Bordeaux, a port city in southwestern France, is a wine lovers’ dream (at least, this wine lover)! The historic part of the city is on the UNESCO World Heritage thanks to its very intact 18th-century city architecture making it one of the most quintessentially French cities to walk around. What you imagine France to be based off pop culture and movies is what Bordeaux is. However, Bordeaux is also an upscale place – a city for luxury shopping, drinking, and eating. It sits in the center of the world famous wine region that bears its name and, thus just like the Napa Valley in California or the Hunter in Australia, prices here reflect that commercial reality (people come here to spend money) so don’t expect a cheap visit to the city but, despite its costs, it’s one of the most beautiful cities and regions in France. Don’t miss it — especially if you love wine!
Hostel prices – Bordeaux only has two hostels – that’s how upscale it is. Of the two hostels, one is located 10 km outside of the city. The other one, Hostel 20, is centrally-located and has a 6-bed dorm that runs for 28 EUR a night. It also has private rooms with shared bathrooms starting at 54 EUR.
Budget hotel prices – Prices begin at about 50 EUR per night for a double room at a two-star hotel that’s near the city center. From there, the sky’s the limit. At the two-star price point, you’ll find WiFi included and many hotels offer air-conditioning. On Airbnb, you can find shared rooms in apartments starting at 30 EUR per night and entire apartments starting at 50 EUR per night.
Average cost of food – Bordeaux has some amazing food and tons of traditional restaurants. When opting for one of these restaurants, you should budget between 27-50 EUR, depending what you get and how much wine you drink. Try doing a prix-fixe meal at lunch. It’s a set menu that offers you a deal on a 2-course meal for about 15 Euros. You can also pick up some ingredients and have a picnic in the park by stopping at one of the many bread, cheese, and meat shops/markets throughout the city. Creating your own meal will cost around 9-15 EUR, depending on what you buy and if you get wine. Cheap sandwiches around the cost about 6 EUR. Groceries will cost around 45 EUR per week and can make eating in this city affordable. It gets even more affordable if you find a discount grocer like Aldi or Lidl. My two favorite restaurants are La Tupina and Le Petit Commerce.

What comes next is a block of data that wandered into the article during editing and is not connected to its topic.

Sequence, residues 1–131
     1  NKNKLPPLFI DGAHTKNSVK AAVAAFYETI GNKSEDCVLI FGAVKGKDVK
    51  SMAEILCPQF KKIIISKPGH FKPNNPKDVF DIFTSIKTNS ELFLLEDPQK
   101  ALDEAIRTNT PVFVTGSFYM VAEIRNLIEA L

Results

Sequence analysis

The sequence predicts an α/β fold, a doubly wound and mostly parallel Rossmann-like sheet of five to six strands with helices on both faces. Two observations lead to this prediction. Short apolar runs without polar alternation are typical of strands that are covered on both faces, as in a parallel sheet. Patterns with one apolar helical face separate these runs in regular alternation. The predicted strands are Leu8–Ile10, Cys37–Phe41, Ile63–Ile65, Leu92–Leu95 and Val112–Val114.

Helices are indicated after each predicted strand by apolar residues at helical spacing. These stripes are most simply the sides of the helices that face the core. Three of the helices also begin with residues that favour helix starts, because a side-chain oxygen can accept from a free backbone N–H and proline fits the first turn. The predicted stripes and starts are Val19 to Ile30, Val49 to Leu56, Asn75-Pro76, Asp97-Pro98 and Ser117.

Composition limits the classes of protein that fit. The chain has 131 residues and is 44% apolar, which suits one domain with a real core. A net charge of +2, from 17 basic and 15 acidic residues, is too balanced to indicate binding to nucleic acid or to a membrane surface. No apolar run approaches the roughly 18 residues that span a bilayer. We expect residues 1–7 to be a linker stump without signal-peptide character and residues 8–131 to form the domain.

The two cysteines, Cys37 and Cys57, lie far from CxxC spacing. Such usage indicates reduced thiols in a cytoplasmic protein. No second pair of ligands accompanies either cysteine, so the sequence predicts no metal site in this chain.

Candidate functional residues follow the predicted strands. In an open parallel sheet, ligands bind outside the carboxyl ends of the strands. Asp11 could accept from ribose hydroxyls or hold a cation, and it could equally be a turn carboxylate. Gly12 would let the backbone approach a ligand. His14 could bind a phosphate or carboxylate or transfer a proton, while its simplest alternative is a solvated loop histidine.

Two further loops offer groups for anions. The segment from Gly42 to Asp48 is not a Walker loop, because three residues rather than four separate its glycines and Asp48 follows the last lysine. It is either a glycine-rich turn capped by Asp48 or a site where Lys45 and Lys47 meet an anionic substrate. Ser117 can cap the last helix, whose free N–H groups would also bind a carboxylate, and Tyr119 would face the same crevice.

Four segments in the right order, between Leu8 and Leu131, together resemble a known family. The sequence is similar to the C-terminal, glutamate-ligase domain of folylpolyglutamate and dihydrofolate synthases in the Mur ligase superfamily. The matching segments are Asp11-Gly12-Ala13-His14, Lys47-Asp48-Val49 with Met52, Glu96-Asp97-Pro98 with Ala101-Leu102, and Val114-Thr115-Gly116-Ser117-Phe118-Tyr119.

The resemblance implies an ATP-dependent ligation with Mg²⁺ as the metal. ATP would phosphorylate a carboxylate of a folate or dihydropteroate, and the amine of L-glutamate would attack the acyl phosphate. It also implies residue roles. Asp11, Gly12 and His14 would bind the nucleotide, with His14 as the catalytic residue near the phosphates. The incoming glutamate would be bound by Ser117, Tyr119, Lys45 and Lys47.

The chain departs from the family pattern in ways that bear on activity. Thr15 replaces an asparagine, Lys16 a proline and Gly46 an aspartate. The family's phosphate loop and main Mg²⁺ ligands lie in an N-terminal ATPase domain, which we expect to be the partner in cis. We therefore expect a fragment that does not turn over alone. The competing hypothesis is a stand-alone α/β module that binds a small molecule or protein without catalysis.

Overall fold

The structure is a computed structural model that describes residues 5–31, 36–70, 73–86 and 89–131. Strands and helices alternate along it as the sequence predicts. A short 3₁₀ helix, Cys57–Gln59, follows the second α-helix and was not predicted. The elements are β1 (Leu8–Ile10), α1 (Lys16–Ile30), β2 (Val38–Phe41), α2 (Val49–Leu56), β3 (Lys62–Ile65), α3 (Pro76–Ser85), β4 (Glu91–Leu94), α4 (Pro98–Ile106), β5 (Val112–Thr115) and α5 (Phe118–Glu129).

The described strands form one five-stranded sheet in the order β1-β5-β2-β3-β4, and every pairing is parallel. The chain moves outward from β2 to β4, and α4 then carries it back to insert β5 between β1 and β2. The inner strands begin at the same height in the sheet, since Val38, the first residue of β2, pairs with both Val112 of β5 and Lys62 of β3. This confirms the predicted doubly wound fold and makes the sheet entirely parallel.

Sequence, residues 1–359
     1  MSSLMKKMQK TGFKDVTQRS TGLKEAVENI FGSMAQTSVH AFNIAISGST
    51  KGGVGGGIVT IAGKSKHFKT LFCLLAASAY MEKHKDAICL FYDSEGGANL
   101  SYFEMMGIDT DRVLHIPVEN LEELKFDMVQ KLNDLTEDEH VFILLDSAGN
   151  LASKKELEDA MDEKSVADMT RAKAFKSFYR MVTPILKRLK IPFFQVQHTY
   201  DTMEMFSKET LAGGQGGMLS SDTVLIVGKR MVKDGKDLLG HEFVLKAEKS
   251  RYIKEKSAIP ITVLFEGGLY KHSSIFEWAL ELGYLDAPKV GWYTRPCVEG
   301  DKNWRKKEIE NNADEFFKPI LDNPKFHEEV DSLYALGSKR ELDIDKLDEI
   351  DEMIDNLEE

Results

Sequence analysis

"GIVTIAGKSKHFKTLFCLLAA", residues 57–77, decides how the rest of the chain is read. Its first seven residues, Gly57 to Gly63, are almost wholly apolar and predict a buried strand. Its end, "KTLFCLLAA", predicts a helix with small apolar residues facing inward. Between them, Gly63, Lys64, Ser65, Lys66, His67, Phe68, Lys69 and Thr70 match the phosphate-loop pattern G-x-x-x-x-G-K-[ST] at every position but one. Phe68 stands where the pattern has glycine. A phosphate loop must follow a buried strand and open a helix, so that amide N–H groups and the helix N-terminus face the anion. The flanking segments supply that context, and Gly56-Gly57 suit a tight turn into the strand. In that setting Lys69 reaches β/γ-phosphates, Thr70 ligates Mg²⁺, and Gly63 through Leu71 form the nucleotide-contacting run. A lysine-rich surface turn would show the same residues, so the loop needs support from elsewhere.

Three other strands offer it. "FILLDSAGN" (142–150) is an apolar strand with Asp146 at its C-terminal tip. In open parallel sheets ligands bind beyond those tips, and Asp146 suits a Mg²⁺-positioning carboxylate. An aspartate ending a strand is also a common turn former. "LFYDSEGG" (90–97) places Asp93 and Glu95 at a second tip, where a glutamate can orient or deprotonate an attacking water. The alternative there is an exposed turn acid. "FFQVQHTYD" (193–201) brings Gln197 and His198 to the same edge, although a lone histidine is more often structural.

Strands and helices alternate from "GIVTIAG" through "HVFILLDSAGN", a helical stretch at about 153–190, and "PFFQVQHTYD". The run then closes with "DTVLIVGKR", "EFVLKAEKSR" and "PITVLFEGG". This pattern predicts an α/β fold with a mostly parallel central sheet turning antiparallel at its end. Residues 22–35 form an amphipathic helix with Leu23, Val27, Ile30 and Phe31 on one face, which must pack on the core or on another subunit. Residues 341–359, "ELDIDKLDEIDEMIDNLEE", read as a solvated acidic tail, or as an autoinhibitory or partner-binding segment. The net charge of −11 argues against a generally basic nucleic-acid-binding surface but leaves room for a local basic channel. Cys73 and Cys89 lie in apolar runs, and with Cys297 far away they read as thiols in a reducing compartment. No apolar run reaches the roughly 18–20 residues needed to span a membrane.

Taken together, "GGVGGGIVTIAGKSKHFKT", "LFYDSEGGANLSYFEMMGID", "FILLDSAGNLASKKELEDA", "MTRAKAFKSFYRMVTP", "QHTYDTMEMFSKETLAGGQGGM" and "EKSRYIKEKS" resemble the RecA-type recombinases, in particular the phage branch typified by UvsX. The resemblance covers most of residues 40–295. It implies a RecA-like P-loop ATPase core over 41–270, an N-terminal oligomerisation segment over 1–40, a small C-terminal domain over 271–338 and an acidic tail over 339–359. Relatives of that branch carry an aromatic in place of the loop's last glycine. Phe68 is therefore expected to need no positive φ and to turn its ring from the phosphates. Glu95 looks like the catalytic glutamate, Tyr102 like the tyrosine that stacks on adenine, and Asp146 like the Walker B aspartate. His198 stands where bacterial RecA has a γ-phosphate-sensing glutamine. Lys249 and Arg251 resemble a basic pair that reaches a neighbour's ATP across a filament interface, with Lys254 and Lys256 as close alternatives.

Transportation costs – The city center is very walkable and has a large pedestrian zone. Besides that, Bordeaux also has an extensive public transportation system which includes buses, trams, a ferry, and a free “navette” (shuttle) in the city center. One journey on the tram, bus, or ferry is 1.50 EUR; 5 journeys are 6.70 EUR; 10 journeys are 12.40 EUR; 1-day pass is 4.60, 7-day pass is 12.40 EUR. If you get a City Pass tourism card you’ll be able to ride the public transit for free.
Suggested daily budget – 60-80 EUR / 62-83 USD (Note: This is a suggested budget assuming you’re staying in a hostel, eating out a little, cooking most of your meals, and using local transportation. It also depends on the food and wine tours you take. Using the budget tips below, you can always lower this number. However, if you stay in fancier accommodation or eat out more often, expect this to be higher!)
Money Saving Tips
- Explore on foot – Walking around Bordeaux is a great way to experience the architecture and people watch. Bordeaux is small enough to walk around.
- Drink the cheap wine – Grab a cheap bottle of Bordeaux from one of their numerous wine shops on the street and have a glass while walking around to see monuments and historic buildings. You can find good bottles for as little as 5 EUR.
- Discount museum prices – Pick up a City Pass for free public transportation and free entry to 20 museums. A one-day pass is 26 EUR, while a three-day pass costs 40 EUR. You’ll also get access to free walking tours, as well as discounts on other attractions (including wine tours).
- Couchsurf – Couchsurfing connects you with locals who will give you not only a free place to stay, but also a local tour guide who can introduce you to all the great places to see. With accommodation prices so expensive in the city, I highly suggest trying to find a host that can give you a bed and show you around. This city is not cheap and a local guide will go a long way!
- Remember that water is free – When you order water at a restaurant, make sure you ask for tap water. They’ll try to provide bottled water and charge you for it, but tap water is free and safe to drink.